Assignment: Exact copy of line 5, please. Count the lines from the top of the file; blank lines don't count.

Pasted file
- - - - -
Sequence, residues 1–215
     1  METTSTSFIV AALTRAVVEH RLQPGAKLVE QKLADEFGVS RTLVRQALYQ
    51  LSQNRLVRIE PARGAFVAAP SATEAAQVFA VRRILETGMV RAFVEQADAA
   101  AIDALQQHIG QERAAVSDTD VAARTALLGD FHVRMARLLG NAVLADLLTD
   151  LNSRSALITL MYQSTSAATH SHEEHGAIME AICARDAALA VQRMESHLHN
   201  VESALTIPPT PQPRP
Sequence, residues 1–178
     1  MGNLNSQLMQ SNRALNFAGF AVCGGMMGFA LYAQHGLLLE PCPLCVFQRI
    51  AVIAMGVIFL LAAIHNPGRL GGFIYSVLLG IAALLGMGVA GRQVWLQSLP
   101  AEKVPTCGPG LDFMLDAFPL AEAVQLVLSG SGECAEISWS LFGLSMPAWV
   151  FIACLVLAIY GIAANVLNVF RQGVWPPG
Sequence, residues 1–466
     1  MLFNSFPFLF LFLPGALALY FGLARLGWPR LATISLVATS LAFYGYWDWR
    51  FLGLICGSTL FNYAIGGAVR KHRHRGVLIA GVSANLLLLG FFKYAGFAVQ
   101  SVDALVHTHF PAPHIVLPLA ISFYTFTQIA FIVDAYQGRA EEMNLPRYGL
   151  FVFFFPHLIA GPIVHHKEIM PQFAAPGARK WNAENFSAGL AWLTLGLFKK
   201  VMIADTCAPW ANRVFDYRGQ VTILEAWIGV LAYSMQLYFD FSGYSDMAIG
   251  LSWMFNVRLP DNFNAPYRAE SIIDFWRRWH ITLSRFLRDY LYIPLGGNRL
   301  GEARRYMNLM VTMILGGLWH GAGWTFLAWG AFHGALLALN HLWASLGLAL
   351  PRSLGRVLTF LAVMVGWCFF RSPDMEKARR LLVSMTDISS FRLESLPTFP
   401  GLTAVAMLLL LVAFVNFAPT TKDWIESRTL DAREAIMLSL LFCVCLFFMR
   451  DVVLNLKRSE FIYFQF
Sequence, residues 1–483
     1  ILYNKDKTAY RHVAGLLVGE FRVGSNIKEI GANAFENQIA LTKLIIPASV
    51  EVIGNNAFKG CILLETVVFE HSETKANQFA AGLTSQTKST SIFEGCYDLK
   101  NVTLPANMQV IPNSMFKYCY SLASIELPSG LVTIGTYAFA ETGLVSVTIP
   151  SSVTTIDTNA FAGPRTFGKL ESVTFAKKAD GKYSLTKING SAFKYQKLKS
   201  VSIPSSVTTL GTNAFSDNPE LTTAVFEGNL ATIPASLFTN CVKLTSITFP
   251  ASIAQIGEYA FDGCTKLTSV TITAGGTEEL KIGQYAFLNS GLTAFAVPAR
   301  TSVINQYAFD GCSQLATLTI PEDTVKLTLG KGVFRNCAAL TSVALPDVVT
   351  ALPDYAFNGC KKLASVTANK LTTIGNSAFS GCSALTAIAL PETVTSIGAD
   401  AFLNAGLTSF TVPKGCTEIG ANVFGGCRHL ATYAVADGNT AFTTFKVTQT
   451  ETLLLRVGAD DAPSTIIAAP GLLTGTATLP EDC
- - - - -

   151  LNSRSALITL MYQSTSAATH SHEEHGAIME AICARDAALA VQRMESHLHN